Updated from 10:46 a.m. EDT
named Aylwin Lewis, a former executive at restaurant operator
, to replace Julian Day as its president and chief executive.
A 13-year veteran of Yum! and an independent director at
, Lewis was president and chief multi-branding and operating officer at the company, whose brands include Pizza Hut, KFC and Taco Bell restaurants. He will also take a seat on Kmart's board.
Day oversaw Kmart when it emerged from bankruptcy last May and has been CEO during a period in which the stock's price has more than quintupled. He will remain on the company's board.
"I am proud to have led the outstanding team that has accomplished so much at Kmart," Day said in a statement. "As I relinquish my executive responsibilities at the company, I am confident that we have established the strong foundation that will allow Aylwin to focus on the goal of achieving operational excellence in all aspects of our business."
While Day gets some credit for Kmart's stunning turnaround, its architect is widely considered to be the company's chairman and biggest shareholder, Edward Lampert. The hedge fund manager bought a controlling stake in Kmart during its bankruptcy and has squeezed cash out of its assets by streamlining operations and selling off real estate. He now sits on Kmart's board, and a recent regulatory filing gave him the right to invest its growing cash hoard, lending credence to Wall Street hopes that he will turn the company into an investment vehicle.
"Aylwin Lewis brings to Kmart a wealth of retail operating experience, a track record of personal and corporate success, tremendous people skills, a strong work ethic and commitment to excellence," Lampert said in a statement. "He is the ideal leader and agent of change for Kmart at this time, and we are pleased that he has embraced this challenge with his characteristic passion."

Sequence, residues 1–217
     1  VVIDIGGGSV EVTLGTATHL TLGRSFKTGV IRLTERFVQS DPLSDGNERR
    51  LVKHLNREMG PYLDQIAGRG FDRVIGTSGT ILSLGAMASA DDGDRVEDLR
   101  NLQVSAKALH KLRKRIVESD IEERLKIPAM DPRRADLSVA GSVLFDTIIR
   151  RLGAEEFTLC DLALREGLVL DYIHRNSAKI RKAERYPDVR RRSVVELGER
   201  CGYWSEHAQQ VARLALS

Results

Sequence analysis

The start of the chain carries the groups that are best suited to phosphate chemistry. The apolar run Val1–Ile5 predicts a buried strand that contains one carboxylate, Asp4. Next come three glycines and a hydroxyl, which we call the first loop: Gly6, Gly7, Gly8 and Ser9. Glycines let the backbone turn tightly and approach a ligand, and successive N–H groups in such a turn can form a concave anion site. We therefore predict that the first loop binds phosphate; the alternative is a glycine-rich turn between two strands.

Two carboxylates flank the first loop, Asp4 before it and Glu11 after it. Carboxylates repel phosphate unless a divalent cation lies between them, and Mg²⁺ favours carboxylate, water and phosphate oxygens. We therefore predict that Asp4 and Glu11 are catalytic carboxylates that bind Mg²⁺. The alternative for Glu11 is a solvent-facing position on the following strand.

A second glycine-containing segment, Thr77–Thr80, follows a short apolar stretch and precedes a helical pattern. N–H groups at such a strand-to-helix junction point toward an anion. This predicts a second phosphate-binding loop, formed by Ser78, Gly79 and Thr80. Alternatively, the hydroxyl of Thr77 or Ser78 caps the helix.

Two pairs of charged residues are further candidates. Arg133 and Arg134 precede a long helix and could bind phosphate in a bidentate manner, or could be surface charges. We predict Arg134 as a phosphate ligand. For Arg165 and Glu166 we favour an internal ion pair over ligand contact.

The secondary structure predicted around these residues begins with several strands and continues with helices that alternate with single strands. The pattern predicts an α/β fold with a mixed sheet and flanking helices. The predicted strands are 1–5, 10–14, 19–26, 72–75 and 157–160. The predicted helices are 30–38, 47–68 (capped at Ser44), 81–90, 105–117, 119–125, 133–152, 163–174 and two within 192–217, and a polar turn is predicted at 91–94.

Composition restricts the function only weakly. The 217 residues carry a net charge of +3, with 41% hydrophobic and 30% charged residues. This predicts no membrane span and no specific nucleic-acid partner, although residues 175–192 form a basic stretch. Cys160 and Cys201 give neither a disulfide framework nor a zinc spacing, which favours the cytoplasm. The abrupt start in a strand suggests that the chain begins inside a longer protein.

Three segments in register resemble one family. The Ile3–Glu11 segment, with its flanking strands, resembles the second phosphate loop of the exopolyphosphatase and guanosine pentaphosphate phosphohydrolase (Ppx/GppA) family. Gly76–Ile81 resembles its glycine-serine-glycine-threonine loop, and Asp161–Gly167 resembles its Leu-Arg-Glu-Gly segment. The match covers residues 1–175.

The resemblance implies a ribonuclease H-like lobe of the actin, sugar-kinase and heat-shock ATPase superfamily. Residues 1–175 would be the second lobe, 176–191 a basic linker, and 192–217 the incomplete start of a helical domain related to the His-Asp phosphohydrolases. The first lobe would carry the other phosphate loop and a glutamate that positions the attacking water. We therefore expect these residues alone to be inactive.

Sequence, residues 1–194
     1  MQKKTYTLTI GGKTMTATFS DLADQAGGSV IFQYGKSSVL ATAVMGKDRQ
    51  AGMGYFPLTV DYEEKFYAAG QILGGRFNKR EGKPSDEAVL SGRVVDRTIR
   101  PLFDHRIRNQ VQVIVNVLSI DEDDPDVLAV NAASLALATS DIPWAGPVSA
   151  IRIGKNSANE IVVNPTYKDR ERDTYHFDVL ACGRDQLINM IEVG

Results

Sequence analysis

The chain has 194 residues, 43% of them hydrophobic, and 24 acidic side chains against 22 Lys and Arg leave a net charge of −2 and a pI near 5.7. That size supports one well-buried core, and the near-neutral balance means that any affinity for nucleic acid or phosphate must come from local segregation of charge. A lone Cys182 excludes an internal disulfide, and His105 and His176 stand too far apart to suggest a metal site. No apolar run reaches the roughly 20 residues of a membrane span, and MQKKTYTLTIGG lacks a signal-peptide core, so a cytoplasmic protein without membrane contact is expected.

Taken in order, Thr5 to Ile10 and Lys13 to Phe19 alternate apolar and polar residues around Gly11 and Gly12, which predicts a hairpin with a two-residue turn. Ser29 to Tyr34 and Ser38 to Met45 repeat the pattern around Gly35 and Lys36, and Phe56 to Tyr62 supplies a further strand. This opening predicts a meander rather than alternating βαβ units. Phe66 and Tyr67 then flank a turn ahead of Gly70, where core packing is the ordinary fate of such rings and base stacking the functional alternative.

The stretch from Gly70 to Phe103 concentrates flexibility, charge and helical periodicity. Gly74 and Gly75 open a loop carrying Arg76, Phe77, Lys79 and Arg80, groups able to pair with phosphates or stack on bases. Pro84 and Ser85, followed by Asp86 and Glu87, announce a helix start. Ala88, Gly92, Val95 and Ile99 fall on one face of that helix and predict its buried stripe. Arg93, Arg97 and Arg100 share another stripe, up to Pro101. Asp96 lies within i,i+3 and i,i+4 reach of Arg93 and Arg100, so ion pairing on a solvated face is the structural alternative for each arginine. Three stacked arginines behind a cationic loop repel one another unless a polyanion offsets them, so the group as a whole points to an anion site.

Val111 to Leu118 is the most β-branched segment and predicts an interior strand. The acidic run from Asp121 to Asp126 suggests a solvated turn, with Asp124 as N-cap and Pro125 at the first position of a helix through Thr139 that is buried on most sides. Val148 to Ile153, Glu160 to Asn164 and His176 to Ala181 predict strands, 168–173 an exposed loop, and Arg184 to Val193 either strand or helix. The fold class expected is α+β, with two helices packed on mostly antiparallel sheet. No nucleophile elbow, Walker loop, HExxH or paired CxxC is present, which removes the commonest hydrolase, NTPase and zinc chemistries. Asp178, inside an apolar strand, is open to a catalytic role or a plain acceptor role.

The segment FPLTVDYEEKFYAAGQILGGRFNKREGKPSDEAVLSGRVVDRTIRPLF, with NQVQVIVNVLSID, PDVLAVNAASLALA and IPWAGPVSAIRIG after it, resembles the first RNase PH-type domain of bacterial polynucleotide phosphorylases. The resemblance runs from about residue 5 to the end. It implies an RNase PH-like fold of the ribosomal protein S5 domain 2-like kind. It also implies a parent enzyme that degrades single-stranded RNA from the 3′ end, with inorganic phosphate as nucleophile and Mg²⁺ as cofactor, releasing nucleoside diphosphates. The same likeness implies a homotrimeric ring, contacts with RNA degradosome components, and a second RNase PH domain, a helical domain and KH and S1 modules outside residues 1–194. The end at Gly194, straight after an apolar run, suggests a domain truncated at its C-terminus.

Gary Balter, an analyst with UBS, described Day as a financial-oriented executive, ideal for expanding margins during Kmart's turnaround mode. He said Lewis' appointment is a positive now, because he is an operational expert who can help Kmart grow as a business. He also said the announcement could be viewed as a signal that Kmart is preparing for acquisitions outside of the retail space, since Lewis comes from a restaurant background.
"Kmart doesn't talk to the Street, so none of this was expected," Balter said (he does not own Kmart shares and his firm has no investment banking relationship with the company, but it does make a market in its securities). "But we can assume that
Lewis interviewed them as well as they interviewed him. That means that he looked at their game-plan and was satisfied enough to join them, which is a good sign on its own."
Shares of Kmart were recently down 18 cents, or 0.2%, to $86.53.